They have agreed to allow the company access to do pre-construction work as specified in the interim injunction for the time being.

In a statement, Coastal GasLink president Rick Gateman said the company “is thankful that a peaceful resolution has been achieved and agreement reached that will enable us to proceed with pre-construction and construction activities on our right of way.

“I want to personally express my gratitude to those who have supported us through this project process, as well as those who’ve worked together to achieve a mutually agreeable solution. This is a demonstration that positive dialogue – based on common values of safety, collaboration, and integrity – can create constructive outcomes for local communities and First Nations.”

B.C. RCMP said the temporary exclusion zone would be removed Friday once access to the bridge was established. But there will be continued police presence conducting roving patrols of the forest service road “to ensure the safety of the individuals at the Healing Centre and of CGL employees.”

A temporary RCMP detachment will also be placed in the Morice West Forest Service Road corridor. The RCMP said officers there will undergo cultural awareness training on Wet’suwet’en traditions and will have enhanced training in conflict resolution.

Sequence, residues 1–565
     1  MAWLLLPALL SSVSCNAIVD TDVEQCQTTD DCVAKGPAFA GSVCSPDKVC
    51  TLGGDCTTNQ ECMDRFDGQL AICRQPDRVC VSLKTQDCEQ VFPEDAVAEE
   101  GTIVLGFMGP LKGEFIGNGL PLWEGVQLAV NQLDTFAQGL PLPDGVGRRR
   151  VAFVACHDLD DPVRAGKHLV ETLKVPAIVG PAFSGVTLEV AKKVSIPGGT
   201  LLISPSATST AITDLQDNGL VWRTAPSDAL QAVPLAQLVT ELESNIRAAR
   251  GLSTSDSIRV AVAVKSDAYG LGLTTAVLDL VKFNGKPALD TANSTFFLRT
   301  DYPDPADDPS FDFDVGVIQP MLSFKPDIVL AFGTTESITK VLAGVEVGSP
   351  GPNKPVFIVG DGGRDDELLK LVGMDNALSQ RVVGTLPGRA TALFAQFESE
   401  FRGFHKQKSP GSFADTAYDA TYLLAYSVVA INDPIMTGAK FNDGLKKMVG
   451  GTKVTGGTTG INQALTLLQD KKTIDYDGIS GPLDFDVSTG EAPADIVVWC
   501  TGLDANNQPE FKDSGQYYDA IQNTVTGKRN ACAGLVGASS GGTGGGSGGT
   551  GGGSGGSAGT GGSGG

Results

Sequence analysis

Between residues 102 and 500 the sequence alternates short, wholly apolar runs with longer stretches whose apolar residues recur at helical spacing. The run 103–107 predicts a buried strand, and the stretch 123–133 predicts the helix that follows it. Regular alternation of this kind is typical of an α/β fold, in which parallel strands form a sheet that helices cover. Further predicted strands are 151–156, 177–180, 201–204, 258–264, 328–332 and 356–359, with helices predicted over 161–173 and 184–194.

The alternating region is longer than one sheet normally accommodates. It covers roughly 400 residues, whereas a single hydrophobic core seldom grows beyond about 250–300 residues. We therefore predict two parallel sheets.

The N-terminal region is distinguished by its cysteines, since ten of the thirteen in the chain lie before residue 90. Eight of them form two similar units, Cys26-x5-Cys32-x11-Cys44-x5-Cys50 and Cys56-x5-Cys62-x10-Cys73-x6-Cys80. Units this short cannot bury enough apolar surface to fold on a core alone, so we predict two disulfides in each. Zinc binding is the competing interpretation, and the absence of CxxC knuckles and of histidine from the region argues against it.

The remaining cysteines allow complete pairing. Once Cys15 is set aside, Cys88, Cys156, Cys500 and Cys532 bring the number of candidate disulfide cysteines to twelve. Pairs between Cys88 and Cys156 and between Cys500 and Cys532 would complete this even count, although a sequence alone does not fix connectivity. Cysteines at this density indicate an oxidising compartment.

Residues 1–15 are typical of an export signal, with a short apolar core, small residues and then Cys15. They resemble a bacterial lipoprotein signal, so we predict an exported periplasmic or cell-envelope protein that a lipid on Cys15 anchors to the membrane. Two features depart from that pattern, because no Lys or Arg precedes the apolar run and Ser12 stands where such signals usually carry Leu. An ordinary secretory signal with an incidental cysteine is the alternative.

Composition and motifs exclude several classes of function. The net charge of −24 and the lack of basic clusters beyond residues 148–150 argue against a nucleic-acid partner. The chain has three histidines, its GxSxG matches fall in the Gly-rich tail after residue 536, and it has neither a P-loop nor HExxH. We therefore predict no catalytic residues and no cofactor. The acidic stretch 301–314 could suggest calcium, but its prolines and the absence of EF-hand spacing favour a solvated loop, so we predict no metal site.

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Future of Ottawa: Chefs with Kathryn Ferries





This week in the Future of Ottawa series, we’re taking a deep dive into the bar and restaurant industry—what it’s like now and where it’s headed. Read on for a guest post from Kat Ferries on the future of chefs, or read posts from Quinn Taylor on bars or Justin Champagne on fine dining.

Kat Ferries is Sous-Chef at Stofa Restaurant and a 2020 San Pellegrino North American Young Chef Social Responsibility Award Winner.

Apt613: What is the current landscape for chefs in Ottawa?

Kat Ferries: There is such great talent in Ottawa with so many chefs either being from here originally or have returned after traveling and have since opened some incredible restaurants. Many chefs have focused menus that really highlight their strengths, their heritage, and their passion for food. Dominique Dufour of Gray Jay, Marc Doiron of Town/Citizen, Steve Wall of Supply & Demand, Daniela Manrique Lucca of The Soca Kitchen, and so many more are all cooking up beautiful and delicious food in this city.

If you care to make a prediction… Where is the food industry in Ottawa going for chefs in 2021?

The industry right now is, unfortunately, in a really tough spot. The pandemic has been so devastating on mental, physical and emotional levels for so many and I know that many of my friends in this industry are burning out. There are many discussions happening on work/life balance and what is healthy for everyone. Some may never return to the long, hard hours we are expected to put in day after day and instead opt for a more flexible schedule or hire more staff to lighten the load on everyone, with some even leaving the industry indefinitely. Some may throw themselves back into this industry 10x as hard and create some of the best restaurants and concepts we’ve yet to see. I think all that will happen after the pandemic though.